Ken Harris, the president and CEO of the National Business League (NBL), the nation’s oldest and largest Black business trade organization, wants to boost Black businesses in Detroit.
Harris, a vegan and yogi who spent his youth in the Russell Woods section of Detroit, has become an active player to advance Black businesses.
Before becoming president and CEO of the NBL, Harris created the International Detroit Black Expo, which quickly became one of the largest showcases for Black businesses in the U.S. The NBL reports having more than 120,000 members nationwide and 125 Fortune 500 corporate partners. The membership includes chapters in all 50 states, along with international branches.
Harris believes that the road to wealth for Black entrepreneurs and businesses begins with health and self-care.
“It’s holistic entrepreneurship; there can be no wealth without health—mind, body, soul, and spirit,” Harris told the Detroit Free Press. “I make a concerted effort to prioritize self-care, just as the pursuit of Black economic freedom is my life’s purpose, design, and contribution during this lifetime and probably the next. It all ties in together as a lifestyle, channeling balance and alignment of the right frequency, positive energy, and high vibrational activity daily, which is a part of ancient African traditions.”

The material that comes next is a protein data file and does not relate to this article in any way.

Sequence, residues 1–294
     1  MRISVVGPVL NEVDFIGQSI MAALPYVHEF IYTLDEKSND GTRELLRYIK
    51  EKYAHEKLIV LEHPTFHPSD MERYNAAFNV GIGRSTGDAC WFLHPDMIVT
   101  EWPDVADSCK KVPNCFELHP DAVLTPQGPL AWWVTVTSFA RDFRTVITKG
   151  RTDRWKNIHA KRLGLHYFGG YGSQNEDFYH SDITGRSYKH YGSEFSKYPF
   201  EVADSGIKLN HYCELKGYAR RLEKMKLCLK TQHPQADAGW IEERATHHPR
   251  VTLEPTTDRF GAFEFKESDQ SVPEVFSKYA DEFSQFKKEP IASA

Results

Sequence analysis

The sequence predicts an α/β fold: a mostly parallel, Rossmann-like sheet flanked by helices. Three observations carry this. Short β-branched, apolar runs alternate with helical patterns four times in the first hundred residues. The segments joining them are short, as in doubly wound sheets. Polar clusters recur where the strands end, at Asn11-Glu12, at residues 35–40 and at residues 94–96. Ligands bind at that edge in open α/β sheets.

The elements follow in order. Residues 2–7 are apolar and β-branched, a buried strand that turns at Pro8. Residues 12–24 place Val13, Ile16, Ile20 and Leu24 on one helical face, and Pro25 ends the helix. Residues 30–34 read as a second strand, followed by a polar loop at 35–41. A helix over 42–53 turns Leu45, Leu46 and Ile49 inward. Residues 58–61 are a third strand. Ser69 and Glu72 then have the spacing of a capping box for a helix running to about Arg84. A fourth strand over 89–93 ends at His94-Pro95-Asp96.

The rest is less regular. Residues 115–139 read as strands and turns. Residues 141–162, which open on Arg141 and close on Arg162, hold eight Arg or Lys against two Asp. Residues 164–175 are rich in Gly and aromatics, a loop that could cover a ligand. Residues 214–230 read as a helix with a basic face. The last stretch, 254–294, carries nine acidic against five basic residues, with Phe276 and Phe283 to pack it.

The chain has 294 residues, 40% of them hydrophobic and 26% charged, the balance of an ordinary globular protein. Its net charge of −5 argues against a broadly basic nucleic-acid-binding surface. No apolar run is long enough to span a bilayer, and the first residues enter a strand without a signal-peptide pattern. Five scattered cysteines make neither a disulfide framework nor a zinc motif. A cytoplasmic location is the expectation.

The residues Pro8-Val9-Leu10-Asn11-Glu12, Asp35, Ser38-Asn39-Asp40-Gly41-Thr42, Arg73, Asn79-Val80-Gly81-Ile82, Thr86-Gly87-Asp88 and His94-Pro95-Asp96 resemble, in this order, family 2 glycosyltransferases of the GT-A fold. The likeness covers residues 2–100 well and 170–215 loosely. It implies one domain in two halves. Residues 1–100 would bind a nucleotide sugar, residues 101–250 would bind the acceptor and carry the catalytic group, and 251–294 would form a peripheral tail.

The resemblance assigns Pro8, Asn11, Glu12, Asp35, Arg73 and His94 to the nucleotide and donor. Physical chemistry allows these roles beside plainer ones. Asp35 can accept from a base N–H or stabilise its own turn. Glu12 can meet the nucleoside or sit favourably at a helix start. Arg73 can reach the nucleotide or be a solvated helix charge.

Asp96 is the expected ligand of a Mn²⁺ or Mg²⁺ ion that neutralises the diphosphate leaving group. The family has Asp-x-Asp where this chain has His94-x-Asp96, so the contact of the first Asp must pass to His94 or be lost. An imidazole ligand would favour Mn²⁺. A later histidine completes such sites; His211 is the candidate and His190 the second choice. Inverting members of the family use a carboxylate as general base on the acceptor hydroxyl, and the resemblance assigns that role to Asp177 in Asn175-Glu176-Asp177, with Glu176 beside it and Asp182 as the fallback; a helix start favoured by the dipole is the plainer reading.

According to Harris, 80% of the 62,000 businesses in Detroit are Black-owned, but most of those businesses have just one Black employee, the owner.
“We should be viewing those businesses as untapped potential for growth because if those businesses were to add one, two, three, or four more people, we could quadruple our economy. It’s simple math,” Harris told the Free Press.
The increase in Black businesses can largely be attributed to the COVID-19 pandemic and the government’s relief programs, which provided Black Americans with an opportunity to change their lives and restart their careers.
Black Americans nationwide decided to take their employment and financial futures into their own hands and started their own business. An L.A. Times report states on average, 380 out of every 100,000 Black adults became new entrepreneurs during the 2020 pandemic.
Simultaneously, Harris and the National Business League generated more than $20 million to help rebuild, fund, and innovate Black businesses nationally and in Detroit.
Additionally, the Black Lives Matter movement of 2020 brought significant awareness to racial equity, and as a result, Black businesses, big and small, thrived.